Dmitry Ivanov discusses the basic CRDTs implementations in Scala, explaining the advantages of these data structures to solve many synchronization problems as well as their limitations.
Brennan Saeta talks about aspects of Coursera’s architecture that enable them to rapidly build sophisticated features for their learning platform, the use of containers and security-related issues.
Runar Bjarnason presents how to get started with the Scalaz-Stream library, shows some examples, and how we can combine functional streams into large distributed systems.
Richard Dallaway shows an example of what Scala looks like when using pattern matching over classes, how to encode an idea into types and use advanced features of Scala without complicating the code.
Tom Henricksen covers Design Patterns in Groovy, compilation configuration, mixing Java and Groovy, and calling other languages from Groovy. He shows how to call Scala and Clojure from Groovy.
Jessica Kerr covers some of the concurrency tools existing in JVM languages including ExecutorService, Futures, Akka actors, and core.async coroutines, providing advice on writing deadlock-free code.
The panelists discuss the Scala compiler fork (typelevel.org): Is this a positive and natural outgrowth of a growing language or will this development cause irreparable rifts in the Scala community?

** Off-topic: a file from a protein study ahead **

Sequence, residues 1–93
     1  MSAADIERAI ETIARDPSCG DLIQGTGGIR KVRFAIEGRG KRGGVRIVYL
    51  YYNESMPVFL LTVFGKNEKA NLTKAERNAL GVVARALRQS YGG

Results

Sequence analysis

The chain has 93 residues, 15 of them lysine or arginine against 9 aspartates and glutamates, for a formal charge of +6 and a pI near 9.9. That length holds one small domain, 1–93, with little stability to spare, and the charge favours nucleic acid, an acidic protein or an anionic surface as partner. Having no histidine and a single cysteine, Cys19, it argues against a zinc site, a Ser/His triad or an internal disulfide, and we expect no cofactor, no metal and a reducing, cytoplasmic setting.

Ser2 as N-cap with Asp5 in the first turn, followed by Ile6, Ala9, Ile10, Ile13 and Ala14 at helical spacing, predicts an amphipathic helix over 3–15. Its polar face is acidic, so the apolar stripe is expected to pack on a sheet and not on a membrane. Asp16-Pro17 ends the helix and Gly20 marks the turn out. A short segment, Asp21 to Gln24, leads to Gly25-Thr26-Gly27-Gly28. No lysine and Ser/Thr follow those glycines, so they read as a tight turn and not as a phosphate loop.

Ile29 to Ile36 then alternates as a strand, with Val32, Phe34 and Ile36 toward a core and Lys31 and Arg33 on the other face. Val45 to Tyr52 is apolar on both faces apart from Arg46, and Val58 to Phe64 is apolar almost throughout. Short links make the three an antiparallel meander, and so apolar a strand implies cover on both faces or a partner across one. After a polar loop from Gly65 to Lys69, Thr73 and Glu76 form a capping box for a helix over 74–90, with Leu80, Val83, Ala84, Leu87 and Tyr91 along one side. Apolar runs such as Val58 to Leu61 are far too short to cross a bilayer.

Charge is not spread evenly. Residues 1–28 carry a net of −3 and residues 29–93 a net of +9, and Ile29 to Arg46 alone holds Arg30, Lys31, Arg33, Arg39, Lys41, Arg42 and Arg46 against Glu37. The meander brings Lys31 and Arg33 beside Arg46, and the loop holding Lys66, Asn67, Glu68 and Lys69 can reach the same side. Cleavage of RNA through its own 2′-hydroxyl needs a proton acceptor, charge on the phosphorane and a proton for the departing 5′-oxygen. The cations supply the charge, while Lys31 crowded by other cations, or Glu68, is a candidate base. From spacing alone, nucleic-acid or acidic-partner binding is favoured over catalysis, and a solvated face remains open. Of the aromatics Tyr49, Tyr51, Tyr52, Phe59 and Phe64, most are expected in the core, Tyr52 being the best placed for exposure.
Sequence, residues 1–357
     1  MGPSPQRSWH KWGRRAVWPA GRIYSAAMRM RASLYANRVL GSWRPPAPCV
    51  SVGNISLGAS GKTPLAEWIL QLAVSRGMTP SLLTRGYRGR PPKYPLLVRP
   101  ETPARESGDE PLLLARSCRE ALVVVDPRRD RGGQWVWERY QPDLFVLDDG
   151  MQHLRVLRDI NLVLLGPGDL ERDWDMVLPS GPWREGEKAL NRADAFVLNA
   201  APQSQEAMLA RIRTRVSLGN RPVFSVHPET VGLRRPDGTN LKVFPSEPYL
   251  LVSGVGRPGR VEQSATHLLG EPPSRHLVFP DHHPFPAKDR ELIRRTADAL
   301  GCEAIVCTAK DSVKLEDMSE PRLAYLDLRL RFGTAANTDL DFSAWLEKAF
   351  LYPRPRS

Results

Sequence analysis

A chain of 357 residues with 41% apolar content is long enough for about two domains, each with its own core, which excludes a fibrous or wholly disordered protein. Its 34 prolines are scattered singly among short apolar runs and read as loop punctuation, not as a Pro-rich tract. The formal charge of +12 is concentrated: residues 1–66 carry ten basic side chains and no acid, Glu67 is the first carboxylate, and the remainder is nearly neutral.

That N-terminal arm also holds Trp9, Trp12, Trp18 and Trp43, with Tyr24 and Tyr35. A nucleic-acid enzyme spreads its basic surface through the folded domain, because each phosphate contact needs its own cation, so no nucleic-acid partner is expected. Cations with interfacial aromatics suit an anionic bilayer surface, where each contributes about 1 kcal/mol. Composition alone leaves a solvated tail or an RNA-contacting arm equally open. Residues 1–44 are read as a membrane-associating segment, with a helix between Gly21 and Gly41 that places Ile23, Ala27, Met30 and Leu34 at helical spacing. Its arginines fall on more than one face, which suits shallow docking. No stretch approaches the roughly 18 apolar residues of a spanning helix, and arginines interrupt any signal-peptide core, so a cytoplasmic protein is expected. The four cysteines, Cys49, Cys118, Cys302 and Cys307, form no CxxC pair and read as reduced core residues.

Peter Pilgrim presents the experience of adopting Scala in the digital enterprise. He provides technical and development advice to agile teams new to implementing Scala.
Chris Richardson discusses an event-driven microservice architecture, it’s benefits and drawbacks and how Spring Boot can help, implementing business logic using domain models written in Scala.
Sean Owen introduces Spark, Scala and random decision forests, and demonstrates the process of analyzing a real-world data set with them.
Elasticity is a key component in reactive systems and James Ward navigates the different characteristics of different implementations of this concept: Akka, Scala, RxJava, and more.
Jonathan Bell & Gail Kaiser introduce Phosphor, a dynamic taint tracking system for the JVM, describing the approach used to achieve portable taint tracking.